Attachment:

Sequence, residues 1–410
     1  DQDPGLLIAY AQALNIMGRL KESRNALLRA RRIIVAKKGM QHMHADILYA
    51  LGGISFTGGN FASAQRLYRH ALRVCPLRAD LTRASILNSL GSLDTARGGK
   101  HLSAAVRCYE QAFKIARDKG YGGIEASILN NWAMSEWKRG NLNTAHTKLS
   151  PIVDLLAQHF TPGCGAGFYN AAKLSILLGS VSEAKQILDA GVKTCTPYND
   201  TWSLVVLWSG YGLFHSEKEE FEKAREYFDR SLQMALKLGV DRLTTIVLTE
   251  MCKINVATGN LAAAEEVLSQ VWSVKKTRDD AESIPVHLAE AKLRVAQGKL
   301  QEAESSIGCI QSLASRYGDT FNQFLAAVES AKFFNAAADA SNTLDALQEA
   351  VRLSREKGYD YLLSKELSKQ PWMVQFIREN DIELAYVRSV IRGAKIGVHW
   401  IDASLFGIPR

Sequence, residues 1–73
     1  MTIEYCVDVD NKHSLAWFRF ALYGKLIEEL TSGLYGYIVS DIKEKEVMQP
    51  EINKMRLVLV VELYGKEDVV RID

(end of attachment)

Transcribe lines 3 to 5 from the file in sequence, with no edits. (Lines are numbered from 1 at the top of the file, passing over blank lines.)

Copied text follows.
    51  LGGISFTGGN FASAQRLYRH ALRVCPLRAD LTRASILNSL GSLDTARGGK
   101  HLSAAVRCYE QAFKIARDKG YGGIEASILN NWAMSEWKRG NLNTAHTKLS
   151  PIVDLLAQHF TPGCGAGFYN AAKLSILLGS VSEAKQILDA GVKTCTPYND